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How is your ranch’s ‘BMP’?


Stay abreast — or ahead — of environmental rules I by jamie cohen wallace / courtesy elcr.org


n recent years, Best Management Practices (BMPs) have essentially become standard for horse farms/facilities across


the country. Meant to protect the ground and surface waters, BMPs are excellent management practices that should be uti- lized by every horse farm and facility to stay in compliance, regardless of legislation. In fact, even horse trail systems are now


starting to be legislated, and/or stopped. Certainly, small amounts of manure on trails and farms won’t have negative impacts, but in significant, concentrated amounts, excess nutrients have the poten- tial to be harmful to our environment and water. Using BMPs in all management deci- sions, both on and off the trails, helps to protect against these excess nutrients from entering into our ground and surface waters as well as keep you ahead of legislation. These nutrient rulings vary substantially


for horse facilities, depending on size (rang- ing from an Olympic venue to a backyard farm), location, horse population, and area of the country. The size of an operation is a great determining factor in the amount of legislation. In fact, horse show venues and racetracks are so large that they fall into their own legislated category. Those found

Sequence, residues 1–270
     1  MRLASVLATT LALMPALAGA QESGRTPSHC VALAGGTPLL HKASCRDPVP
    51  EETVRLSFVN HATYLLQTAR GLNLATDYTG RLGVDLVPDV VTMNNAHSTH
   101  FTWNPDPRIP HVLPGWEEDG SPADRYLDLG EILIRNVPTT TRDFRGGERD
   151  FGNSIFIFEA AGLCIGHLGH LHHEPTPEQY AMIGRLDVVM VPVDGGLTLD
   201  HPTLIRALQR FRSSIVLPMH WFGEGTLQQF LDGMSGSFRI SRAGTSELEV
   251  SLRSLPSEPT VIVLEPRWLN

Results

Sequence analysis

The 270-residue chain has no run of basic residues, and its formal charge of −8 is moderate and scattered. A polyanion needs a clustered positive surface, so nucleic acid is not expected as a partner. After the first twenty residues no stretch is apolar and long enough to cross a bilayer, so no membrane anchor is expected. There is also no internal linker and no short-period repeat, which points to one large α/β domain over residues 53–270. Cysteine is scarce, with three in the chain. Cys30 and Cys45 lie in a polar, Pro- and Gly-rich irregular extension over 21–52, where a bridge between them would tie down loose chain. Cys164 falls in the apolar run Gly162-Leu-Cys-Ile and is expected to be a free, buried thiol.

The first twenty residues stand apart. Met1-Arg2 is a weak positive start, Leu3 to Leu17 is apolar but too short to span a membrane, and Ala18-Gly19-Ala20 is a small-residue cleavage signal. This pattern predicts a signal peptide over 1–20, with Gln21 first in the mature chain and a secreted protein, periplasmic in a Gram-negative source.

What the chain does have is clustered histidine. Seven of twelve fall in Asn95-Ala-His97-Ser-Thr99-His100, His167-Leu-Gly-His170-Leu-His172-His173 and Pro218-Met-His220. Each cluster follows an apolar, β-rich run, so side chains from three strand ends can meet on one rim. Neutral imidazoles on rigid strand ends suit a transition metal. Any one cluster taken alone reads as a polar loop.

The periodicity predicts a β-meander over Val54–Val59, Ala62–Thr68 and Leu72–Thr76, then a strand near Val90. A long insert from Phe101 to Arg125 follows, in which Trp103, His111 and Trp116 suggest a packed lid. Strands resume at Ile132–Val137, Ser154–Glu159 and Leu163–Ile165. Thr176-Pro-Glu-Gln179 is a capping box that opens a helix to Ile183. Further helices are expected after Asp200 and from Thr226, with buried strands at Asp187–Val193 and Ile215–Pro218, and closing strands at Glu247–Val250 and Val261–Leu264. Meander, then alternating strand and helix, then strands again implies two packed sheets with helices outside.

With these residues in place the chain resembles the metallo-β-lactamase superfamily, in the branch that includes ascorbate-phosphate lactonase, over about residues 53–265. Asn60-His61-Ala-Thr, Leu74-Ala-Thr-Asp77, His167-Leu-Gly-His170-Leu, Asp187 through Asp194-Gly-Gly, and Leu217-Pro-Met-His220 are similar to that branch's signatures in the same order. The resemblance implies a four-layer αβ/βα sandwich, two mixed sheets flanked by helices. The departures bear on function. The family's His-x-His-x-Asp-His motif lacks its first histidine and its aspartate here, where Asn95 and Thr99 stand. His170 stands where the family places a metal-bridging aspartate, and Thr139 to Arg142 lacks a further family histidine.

not to be in com- pliance can result in very costly fines levied to them, and include excessive paperwork and con- struction require- ments. How can you be


sure that the show venue, racetrack, etc. that you own, manage, or simply atend, is meeting regulations and in compliance with these more stringent, or different regulations? And what about your own farm? Many/most horse show venues and


racetracks are considered to be a CAFO, or Concentrated Animal Feeding Operation. A CAFO, regardless of animal species, has such a large, concentrated population of animals that their abilities to potentially pollute is much greater than that of a family farm, having only one or a few animals. Smaller animal operations are known as


AFOs, Animal Feeding Operations, as they lack “concentrated” animal populations. Your farm or boarding facility is an AFO.


County legislation normally determines where legislation lies with family farms and boarding facilities. For CAFOs, regulations are set on a federal level and are also done for many species (catle, swine, horses etc). As defined by the Natural Resources Conservation Service (NRCS), a “CAFO is another EPA term for a large concen- trated AFO. A CAFO is an AFO with more than 1,000 animal units (an animal unit is defined as an animal equivalent of 1,000 pounds live weight and equates to 1,000 head of beef catle, 700 dairy cows, 2500 swine weighing more than 55 lbs, 125 thou- sand broiler chickens, or 82 thousand laying


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